Sam Dinkowitz works as an actor in Portland, but his passion is Stage Combat. 2015 Drammy Award Winner for Outstanding Fight Choreography. He has a BFA from Southern Oregon University. He is currenlty working on a production called Night of Ashes, a play by the Cleveland High School theatre department in Portland, Oregon which ties into Paizo’s current Pathfinder Adventure Path.
1. Sam, tell us a little bit about yourself, and your background:
I am 32 years old. I was born and raised in the woods of Grants Pass, Oregon. I like playing video games and watching crappy 80’s action movies. Most of my energies have been focused on creative content generation in some sense. Graphic design, music composition, juggling, making sculptures out of trash, writing/producing sketch comedy. I got my BFA in Performance from Southern Oregon University. I worked at the Oregon Shakespeare Festival, where I became a certified stage combatant. After dropping out of two MFA programs because they were not the right fit for me, I made my way back to Portland. I have bene living and working there for the past three years as an actor/teacher. I won a Drammy for Fight Choreography in 2015 for my work in ‘Wait Until Dark’.”
2. What drew you to acting?
Even as a child, I was attracted to performance of some sort. I was the kid wearing his Superman suit under his school clothes in the first grade. But I did not fully commit to the idea of being an actor until high school. I had to stop playing soccer due to some knee problems. My physical therapist had recommended that I take ballet. I was kind of out-casted by the jocks at school, but the theater kids were there for me.
3. What is the best part of acting to you?
I love the tribal community of the theatre world. It has ancient links to sitting around a fire, telling tales of the hunt, and it feels amazing to be a part of that human tradition. Film and TV are a different world. Nothing will ever replace the need for live performance.
4. What do you consider the worst part of acting?
The worst part of acting is the business. It is very hard to constantly chase the next job. It is the double-punch of not getting a part. You think, “Oh, they don’t want me.” And the very next part of that is wondering how you are going to pay rent. You have to be able to pick yourself up and keep smashing your head against the wall. But I’m able to alleviate some of that stress by teaching and choreographing stage combats and finding whatever creative gigs I can get my hands on.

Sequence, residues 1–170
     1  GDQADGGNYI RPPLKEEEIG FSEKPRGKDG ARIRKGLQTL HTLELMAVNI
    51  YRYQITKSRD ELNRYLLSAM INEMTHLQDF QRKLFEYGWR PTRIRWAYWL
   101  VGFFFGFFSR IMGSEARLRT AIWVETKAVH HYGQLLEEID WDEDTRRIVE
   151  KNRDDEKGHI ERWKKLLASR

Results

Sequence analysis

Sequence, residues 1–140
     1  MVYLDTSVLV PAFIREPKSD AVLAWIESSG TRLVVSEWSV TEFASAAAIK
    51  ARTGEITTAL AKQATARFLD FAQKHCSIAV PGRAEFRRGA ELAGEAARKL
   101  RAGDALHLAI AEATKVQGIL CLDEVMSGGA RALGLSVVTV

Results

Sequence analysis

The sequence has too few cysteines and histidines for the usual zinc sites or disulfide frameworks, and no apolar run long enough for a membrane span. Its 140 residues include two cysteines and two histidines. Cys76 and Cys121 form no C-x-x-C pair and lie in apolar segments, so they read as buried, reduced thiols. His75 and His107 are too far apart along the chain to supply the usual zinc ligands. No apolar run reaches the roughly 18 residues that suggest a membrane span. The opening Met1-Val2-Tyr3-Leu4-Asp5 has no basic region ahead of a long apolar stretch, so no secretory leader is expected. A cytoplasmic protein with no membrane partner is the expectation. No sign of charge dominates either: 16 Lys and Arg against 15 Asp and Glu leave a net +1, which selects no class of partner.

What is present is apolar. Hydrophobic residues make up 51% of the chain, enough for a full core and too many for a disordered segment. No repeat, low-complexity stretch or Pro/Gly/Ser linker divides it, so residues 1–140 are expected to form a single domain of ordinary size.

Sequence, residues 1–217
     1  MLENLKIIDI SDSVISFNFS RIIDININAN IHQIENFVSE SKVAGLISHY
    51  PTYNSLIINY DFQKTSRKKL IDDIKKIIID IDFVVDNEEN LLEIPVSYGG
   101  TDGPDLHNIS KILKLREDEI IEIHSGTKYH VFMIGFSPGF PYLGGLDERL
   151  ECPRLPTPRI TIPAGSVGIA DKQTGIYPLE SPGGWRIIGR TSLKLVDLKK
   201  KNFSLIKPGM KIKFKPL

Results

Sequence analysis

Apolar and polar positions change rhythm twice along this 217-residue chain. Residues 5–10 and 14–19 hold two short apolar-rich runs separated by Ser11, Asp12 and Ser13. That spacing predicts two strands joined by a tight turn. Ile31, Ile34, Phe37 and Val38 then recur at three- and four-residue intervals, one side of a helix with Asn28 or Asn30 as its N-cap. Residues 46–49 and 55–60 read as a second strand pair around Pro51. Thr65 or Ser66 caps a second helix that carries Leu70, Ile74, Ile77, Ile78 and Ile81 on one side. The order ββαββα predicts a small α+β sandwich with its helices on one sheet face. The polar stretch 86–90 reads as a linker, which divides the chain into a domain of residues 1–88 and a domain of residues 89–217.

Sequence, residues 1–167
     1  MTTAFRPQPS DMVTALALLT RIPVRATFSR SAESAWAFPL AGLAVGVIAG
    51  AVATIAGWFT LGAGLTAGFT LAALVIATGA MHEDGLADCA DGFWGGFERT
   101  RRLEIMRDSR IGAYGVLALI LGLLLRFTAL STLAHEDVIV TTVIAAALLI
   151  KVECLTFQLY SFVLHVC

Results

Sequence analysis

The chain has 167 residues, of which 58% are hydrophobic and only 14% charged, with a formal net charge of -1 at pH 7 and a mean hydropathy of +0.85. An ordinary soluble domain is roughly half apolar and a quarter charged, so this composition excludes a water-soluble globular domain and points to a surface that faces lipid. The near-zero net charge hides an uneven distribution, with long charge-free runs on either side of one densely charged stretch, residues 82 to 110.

5. What is the best part of working as a stage combat choreographer and weapons trainer? It sounds so exciting!
There is a lot of fun aspects of theatre and of being on stage. But, in my opinion, the most fun thing to do on stage is kill and die. The best part of that is building the magic. You get to overtly trip the audience into seeing things that are not really happening. You adjust the angles of the fight, and you get to find out how to hide blood packs. To me, the coolest part about that is the dual perspective. As an actor in a fight, you have to be thinking of your character and the story, with all it involves, and at the same time taking care of the friend that you’re trying to “kill.” That’s the craft. You can’t get so lost in your acting choices that you forget that you are swinging a broadsword at your friend’s head!
6. What drew you to this role? How did you become involved with this production?
I am a fantasy genre fan through and through. All media as well; books, games, movies, just everything. I never got into DnD as a kid because my mom said that it had something to do with the devil… Hahaha! But I’ve always loved Tolkien’s’ world, with elves, dragons, orcs, and the idea of people that still roll around with battleaxes. I have always wanted to play with that stuff onstage.
The short answer of how I became involved is that Tom Beckett is a crazy genius, and I will follow him through hell. We’ve been working together on stage combat training for High School students for the past two years, and when he started telling me about ‘Night of Ashes‘ I jumped at the opportunity.
7. Tell me more about this production as well, a little background into it, and also give me your perspective on the acting and the cohesiveness of the actors working together, and plans for the future.
I don’t know too much about this full production, its Beckett’s beautiful brain child. So he would be the one to ask about the background, but I am always amazed by how much intensity the kids bring to the stage with this kind of material. Everyone’s always talking about the “death of theater,” but this is the way to bring it back to life! Don’t make them read Midsummer’s Dream, give them broadswords!